In order to find the bacteria capable of converting the mercury, we turned to the contaminated materials themselves. Bacteria are ubiquitous in the environment and can be found on any surface. Ideally adapted to the particular environment they are inhabiting, the bacteria on the surface of a mercury-treated item will have inherent resistance to the mercury toxicity. Our job was to find these naturally mercury-resistant bacteria and determine if they are converting the mercury into a gas. In collaboration with the Arizona State Museum, upon sampling nine mercury-contaminated museum materials, including leather pouches and feathered headdresses, 16 mercury-resistant bacteria were identified. Of the 16 bacterial isolates, one in particular was highly resistant capable of growing in the presence of up to 50 ppm mercury. This isolate, genetically identified as Arthrobacter sp. 2604, a commonly found environmental bacterium, had the ability to convert the mercury in its immediate environment into a gaseous form. When Arthrobacter sp. 2604 was grown on the surface of mercury-contaminated materials, including paper, the bacterium was able to remove up to 20% of the mercury within a 10 day incubation period. The other isolates, also identified as commonly occurring bacteria such as Bacillus and Pseudomonas spp., showed varying abilities to grow in the presence of mercury. Future experiments will focus on enhancing the mercury removal by the bacteria on other material types, e.g., hair and leather. The novel approach of using microorganisms for mercury removal has widespread applications for contaminated environments and is an exciting new application for microorganisms in museums.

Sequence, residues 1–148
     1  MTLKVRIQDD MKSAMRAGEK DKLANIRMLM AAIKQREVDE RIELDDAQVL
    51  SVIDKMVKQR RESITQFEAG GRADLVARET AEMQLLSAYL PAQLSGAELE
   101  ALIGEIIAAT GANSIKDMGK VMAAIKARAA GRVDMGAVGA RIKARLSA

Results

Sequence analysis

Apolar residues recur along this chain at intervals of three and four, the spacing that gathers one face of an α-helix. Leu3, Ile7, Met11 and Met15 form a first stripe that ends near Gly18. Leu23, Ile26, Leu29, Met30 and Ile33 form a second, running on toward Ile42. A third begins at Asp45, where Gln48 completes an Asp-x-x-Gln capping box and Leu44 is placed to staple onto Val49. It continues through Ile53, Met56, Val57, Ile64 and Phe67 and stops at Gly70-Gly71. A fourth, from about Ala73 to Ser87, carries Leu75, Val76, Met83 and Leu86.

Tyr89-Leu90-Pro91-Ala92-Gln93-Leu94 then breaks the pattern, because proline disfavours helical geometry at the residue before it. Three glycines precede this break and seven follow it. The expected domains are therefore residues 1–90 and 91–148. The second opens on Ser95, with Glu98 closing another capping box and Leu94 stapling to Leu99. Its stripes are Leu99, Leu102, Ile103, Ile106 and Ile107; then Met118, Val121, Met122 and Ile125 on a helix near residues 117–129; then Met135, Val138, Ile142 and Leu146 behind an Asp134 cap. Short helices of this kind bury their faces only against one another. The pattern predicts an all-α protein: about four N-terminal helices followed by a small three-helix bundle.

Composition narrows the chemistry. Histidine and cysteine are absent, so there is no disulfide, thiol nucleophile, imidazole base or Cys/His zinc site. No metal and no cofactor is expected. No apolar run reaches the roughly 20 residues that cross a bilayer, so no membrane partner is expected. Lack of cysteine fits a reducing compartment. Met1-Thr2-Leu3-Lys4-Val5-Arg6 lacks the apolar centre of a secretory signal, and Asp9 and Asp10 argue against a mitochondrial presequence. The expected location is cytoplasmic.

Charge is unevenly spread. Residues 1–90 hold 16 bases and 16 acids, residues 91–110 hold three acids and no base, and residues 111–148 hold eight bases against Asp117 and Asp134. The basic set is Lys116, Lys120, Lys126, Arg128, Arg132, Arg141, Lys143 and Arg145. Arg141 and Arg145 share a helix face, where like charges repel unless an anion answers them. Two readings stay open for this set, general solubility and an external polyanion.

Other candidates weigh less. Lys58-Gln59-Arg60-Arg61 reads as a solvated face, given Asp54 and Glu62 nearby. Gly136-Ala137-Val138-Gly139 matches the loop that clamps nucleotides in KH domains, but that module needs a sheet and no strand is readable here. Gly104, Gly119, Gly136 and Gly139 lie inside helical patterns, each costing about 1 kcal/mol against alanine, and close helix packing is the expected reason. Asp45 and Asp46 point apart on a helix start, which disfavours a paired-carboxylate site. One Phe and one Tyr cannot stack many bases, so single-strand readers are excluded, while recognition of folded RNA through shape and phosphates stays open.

This research was made possible through Grant MT-2210-04-NC-08 from the National Center for Preservation Technology and Training (NCPTT).